Date of this Version
J. Dairy Sci. 102:2054–2067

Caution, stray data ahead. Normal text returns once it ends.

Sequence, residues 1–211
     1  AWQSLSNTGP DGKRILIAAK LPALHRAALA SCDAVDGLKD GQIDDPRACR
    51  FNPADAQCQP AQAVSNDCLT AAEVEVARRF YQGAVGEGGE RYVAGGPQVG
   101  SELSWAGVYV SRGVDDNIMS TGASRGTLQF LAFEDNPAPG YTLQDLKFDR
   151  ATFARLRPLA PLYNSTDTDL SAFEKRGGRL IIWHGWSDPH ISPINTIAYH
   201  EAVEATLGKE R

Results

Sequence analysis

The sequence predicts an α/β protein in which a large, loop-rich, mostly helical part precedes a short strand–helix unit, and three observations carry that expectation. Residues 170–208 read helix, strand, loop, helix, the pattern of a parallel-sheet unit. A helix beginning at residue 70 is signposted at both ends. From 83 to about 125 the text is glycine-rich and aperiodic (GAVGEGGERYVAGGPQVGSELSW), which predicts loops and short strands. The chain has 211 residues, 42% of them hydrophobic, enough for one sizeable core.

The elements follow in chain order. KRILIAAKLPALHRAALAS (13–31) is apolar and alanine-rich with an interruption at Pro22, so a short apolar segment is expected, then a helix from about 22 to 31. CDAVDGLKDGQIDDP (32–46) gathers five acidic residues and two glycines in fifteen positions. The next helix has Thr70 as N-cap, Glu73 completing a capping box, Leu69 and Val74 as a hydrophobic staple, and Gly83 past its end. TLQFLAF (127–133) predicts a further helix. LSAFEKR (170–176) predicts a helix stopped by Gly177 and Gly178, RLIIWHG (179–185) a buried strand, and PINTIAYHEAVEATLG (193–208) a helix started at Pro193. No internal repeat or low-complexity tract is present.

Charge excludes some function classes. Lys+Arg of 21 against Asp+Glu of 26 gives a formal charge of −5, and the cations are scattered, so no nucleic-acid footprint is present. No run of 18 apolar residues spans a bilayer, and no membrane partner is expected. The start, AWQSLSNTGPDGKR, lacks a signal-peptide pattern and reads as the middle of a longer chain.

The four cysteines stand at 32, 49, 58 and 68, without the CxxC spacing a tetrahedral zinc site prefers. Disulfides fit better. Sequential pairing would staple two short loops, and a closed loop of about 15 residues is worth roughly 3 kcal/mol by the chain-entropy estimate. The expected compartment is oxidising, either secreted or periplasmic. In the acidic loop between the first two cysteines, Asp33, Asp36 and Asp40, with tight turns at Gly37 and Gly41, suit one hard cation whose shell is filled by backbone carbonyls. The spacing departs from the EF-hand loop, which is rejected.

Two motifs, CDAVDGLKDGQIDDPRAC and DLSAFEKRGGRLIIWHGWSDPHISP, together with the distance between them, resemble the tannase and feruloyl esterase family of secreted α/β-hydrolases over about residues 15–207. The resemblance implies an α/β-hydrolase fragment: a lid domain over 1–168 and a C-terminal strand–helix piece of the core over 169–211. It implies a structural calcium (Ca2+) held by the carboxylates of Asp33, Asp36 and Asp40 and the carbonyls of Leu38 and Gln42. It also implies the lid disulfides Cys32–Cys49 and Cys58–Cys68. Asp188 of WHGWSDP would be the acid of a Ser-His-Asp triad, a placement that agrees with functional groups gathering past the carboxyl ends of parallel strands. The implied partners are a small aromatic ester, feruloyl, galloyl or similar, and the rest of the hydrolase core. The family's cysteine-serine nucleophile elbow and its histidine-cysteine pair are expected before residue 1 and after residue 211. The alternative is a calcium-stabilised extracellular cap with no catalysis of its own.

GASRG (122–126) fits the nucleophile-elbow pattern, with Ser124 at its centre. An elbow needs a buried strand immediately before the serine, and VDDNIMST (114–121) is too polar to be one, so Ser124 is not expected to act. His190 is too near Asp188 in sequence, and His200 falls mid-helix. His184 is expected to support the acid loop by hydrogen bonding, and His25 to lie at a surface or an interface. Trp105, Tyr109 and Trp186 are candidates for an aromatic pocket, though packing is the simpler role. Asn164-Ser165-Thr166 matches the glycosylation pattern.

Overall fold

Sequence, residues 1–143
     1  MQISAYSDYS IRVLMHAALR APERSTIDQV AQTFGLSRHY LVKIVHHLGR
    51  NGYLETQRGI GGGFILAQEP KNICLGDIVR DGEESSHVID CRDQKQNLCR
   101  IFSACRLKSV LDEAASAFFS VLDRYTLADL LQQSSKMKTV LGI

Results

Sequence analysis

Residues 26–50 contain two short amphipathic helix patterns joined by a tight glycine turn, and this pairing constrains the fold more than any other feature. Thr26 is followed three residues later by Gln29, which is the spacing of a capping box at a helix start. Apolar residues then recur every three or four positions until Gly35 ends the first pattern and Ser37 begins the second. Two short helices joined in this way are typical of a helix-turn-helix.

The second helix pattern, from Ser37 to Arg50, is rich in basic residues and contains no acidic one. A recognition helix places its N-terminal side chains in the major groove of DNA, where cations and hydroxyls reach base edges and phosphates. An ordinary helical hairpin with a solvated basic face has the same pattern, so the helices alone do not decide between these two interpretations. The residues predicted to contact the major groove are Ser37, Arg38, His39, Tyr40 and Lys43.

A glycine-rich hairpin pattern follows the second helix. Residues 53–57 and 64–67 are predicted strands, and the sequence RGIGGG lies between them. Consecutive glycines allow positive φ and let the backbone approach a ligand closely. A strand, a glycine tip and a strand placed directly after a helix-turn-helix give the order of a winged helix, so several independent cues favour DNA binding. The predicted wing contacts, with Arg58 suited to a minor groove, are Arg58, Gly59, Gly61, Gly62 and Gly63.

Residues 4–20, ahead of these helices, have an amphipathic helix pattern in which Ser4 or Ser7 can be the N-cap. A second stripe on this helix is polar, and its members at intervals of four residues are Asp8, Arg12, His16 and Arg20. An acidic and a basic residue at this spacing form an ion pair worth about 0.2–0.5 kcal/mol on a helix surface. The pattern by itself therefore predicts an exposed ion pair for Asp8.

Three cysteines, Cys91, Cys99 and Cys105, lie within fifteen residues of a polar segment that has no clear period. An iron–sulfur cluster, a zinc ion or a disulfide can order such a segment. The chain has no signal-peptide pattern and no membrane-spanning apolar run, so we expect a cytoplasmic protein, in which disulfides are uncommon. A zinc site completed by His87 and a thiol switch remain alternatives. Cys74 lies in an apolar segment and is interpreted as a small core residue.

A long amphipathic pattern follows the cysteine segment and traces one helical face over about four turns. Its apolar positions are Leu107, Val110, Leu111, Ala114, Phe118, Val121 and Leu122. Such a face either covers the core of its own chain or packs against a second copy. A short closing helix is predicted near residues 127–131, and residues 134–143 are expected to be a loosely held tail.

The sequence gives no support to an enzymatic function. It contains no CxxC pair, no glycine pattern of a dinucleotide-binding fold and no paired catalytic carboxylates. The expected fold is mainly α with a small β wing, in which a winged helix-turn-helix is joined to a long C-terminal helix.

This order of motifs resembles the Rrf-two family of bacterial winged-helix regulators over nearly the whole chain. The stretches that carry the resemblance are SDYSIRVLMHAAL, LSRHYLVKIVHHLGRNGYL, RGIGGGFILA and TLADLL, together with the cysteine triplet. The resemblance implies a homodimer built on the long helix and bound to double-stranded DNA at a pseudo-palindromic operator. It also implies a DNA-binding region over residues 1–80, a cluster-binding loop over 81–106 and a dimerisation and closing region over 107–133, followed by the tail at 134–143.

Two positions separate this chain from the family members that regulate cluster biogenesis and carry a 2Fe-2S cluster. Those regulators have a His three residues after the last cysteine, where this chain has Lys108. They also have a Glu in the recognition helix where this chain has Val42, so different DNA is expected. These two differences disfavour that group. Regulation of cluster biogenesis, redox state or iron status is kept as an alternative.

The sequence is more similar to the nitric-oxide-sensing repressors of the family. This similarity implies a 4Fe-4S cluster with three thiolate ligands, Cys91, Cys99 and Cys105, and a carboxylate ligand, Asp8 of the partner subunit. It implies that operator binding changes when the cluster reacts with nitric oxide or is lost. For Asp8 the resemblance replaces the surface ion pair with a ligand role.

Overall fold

The addition of fat and calcium sulfate to diets fed to ruminants has resulted in a reduction in methane production, but the effects on energy balance have not been studied. A study using indirect calorimetry and 16 multiparous (8 Holstein and 8 Jersey; 78 ± 15 d in milk; mean ± standard deviation) lactating dairy cows was conducted to determine how mitigating methane production by adding corn oil or calcium sulfate to diets containing reduced-fat distillers grains affects energy and nitrogen balance. A replicated 4 × 4 Latin square design with 35-d periods (28 d of adaption and 4 d of collections) was used to compare 4 different dietary treatments. Treatments were composed of a control (CON) diet, which did not contain reduced-fat distillers grain and solubles (DDGS), and treatment diets containing 20% (dry matter basis) DDGS (DG), 20% DDGS with 1.38% (dry matter basis) added corn oil (CO), and 20% DDGS with 0.93% (dry matter basis) added calcium sulfate (CaS). Compared with CON, dry matter intake was not affected by treatment, averaging 29.6 ± 0.67 kg/d. Milk production was increased for diets containing DDGS compared with CON (26.3 vs. 27.8 ± 0.47 kg/d for CON vs. DDGS, respectively), likely supported by increased energy intake. Compared with CON, energy-corrected milk was greater in DG and CO (30.1 vs. 31.4, 31.7, and 31.0 ± 0.67 kg/d for CON, DG, CO, and CaS, respectively). Compared with CON, the addition of calcium sulfate and corn oil to diets containing DDGS reduced methane production per kg of dry matter intake (22.3, 19.9, and 19.6 ± 0.75 L/kg per d for CON, CO, and CaS, respectively). Similarly, methane production per kilogram of energy-corrected milk was reduced with the addition of calcium sulfate and corn oil to diets containing DDGS (14.2, 12.5, and 12.4 ± 0.50 L/kg per d for CON, CO, and CaS, respectively). Compared with CON and CaS, the intake of digestible energy was greater for DG and CO treatments (57.7, 62.1, 62.0, and 59.0 ± 1.38 Mcal/d for CON, DG, CO, and CaS, respectively). Intake of metabolizable energy was greater in all treatments containing DDGS compared with CON (50.5 vs. 54.0 ± 1.08 Mcal/d for CON vs. DDGS, respectively). Net balance (milk plus tissue energy) per unit of dry matter was greater in CO (containing DDGS and oil) than CON (1.55 vs. 1.35 ± 0.06 Mcal/kg for CO vs. CON, respectively). Tissue energy was greater in DG and CO compared with CON (6.08, 7.04, and 3.16 ± 0.99 Mcal/d for DG, CO, and CON, respectively. Results of this study suggest that the addition of oil and calcium sulfate to diets containing DDGS may be a viable option to reduce methane production and in the case of oil also improve net energy balance in lactating dairy cows.